For those who want a change from the Gospel
Pentecost – Ezekiel 37:1-14
This purple passage from Ezekiel may be the only bit of the whole book with which modern-day readers feel familiar (unless we are fans of Pulp Fiction, in which case 25:17 might be familiar). It begins with two questions, one which God asks the prophet, but also one which we ought to ask ourselves, even though the answer is taken for granted in the text. ‘Can these bones live?’ is the obvious question, but the other is less clear: ‘What caused these dry bones to be in the valley?’ In order to answer that question, we have to be familiar with the book of Ezekiel so far, and the life of its writer.
Ezekiel has lived through a two year siege of his city, Jerusalem, with all the attendant stress, hardship, famine and sickness. After a year in lockdown everyone is paying attention nowadays to mental health, and rightly so, but imagine two years of the kind of lockdown which leads to starvation and eventual captivity, with a threatening and cruel army just over the wall. He has heard reports from his exile in Babylon of the destruction of the Temple, where he served as a priest and even in exile expected that he would return to his duties sooner or later. He has seen in action the legendary cruelty of the Babylonians as they tortured the captives. He has seen the death of his beloved wife, but has been told by God not to mourn, as a sign to the people not to mourn for their city, now razed to the ground. And perhaps the worst of all, he has seen in a vision the glory of God, symbolising his presence among his people, depart from the Temple. Put it like that, and piles of dry bones might well describe how you see life, and the future. So no wonder the despairing answer to God’s question ‘Can these bones live?’ is ‘Your guess is as good as mine, O Lord.’
We do, of course, have a human tendency to want to skip the nasty bits of life and head for the positive bits. We’re not comfortable with death, and we’re allergic to pain, so lets head for the nice passages, which offer us a hope and a future and the drying of our tears. There’s nothing wrong with that: anyone who enjoys pain is rightly branded as a bit weird. But liturgically we can do the same if we long for Easter Sunday without entering into the full horror of Holy Week, and celebrate Pentecost without first asking ‘Why do we so need the power of the Holy Spirit?’ Only if we see ourselves, and the Church, as God sees us; only if we are aware of the dryness and deadness of so much of what we do can we really appreciate how much we need the new life which Pentecost promises and the Spirit brings. To really appreciate our need cuts through ideas such as Pentecost being the Patronal Festival of those funny charismatics, but it’s not for me, thanks very much! Elsewhere the exalted Christ asks self-satisfied members of his church to realise how poor, naked, pitiful and blind they are, and to come to him for healing (Rev 3:17). We can’t afford to ignore Pentecost.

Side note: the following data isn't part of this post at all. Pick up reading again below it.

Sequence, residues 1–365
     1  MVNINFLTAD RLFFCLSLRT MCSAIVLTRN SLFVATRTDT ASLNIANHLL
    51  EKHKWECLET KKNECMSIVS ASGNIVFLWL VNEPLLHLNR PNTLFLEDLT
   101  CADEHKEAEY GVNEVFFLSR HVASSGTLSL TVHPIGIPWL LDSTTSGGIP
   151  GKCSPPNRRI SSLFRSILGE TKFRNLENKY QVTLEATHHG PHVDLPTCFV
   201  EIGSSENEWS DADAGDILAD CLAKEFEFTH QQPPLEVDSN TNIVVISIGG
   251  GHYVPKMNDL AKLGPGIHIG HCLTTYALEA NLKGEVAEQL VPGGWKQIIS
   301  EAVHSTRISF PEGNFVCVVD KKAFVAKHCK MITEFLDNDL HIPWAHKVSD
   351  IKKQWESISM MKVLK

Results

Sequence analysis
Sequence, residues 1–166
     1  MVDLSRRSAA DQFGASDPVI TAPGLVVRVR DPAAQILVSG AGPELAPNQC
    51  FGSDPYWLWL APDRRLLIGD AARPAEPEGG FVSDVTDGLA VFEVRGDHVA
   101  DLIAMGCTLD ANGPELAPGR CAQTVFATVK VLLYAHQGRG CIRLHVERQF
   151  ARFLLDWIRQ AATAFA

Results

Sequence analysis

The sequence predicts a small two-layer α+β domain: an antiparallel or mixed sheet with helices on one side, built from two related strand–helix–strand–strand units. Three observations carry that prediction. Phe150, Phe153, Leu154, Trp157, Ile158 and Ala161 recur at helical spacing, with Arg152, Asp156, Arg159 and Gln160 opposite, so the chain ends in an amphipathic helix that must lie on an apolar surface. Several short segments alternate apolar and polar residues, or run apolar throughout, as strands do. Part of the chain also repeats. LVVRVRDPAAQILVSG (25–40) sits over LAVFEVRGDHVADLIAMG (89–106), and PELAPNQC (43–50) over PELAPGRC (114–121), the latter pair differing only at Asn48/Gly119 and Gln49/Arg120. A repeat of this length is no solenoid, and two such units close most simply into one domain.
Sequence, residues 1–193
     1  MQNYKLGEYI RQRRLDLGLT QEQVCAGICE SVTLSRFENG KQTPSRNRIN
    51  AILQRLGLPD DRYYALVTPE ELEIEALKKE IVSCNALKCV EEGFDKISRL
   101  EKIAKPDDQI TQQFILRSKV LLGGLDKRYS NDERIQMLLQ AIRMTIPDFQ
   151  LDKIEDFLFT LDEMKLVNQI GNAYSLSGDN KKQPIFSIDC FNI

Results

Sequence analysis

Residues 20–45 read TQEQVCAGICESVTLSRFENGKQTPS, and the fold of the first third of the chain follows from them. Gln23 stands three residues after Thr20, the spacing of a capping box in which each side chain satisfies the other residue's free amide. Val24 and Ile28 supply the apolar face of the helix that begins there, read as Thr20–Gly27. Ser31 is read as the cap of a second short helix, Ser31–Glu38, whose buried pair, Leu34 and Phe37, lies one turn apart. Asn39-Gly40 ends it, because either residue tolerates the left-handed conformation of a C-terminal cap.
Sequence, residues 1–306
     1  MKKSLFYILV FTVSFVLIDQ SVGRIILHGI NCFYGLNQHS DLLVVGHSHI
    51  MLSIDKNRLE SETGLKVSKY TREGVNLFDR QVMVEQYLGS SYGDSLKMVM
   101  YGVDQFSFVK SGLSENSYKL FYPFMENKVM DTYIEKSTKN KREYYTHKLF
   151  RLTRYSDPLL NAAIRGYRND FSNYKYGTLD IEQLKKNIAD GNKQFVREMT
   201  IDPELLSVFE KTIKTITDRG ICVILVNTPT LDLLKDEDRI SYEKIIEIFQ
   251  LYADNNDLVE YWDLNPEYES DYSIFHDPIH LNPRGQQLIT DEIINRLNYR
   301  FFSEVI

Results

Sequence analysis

The restoration of the mighty army happens in two stages, and that has something to teach us too. The word ‘Zombie’ is not in the Bible’s vocabulary, but the reality here is that people brought to life by God are really the undead, walking around but with no life in them, until the second touch of his Spirit, breathed into them, brings them fully alive. It was the practice of the Early Church first to baptise new converts following their repentance and belief, and then to pray for them to receive the Spirit. The C of E has institutionalised this into Confirmation, and separated it into a second and much later ceremony, and some Pentecostal churches teach that a ‘Second Blessing’ of the Spirit, as evidenced by speaking in tongues, is necessary for full salvation. But whilst it may be wrong to separate Baptism and the Holy Spirit, the fact is that there are plenty of undead Christians walking around with no practical experience of receiving the Spirit at all. When that happened in the book of Acts, the Apostles immediately did something about it, and prayed for the people concerned to be filled with the Spirit, so that what flowed from their mouths, whether praise, prophesy or tongues, gave evidence to anyone present that they really had received the Spirit. Maybe today there are those who will want, on this feast of Pentecost, to ask God for that filling with his Spirit, or to ask to be refilled (because we leak!) so that we can come fully alive in Christ.
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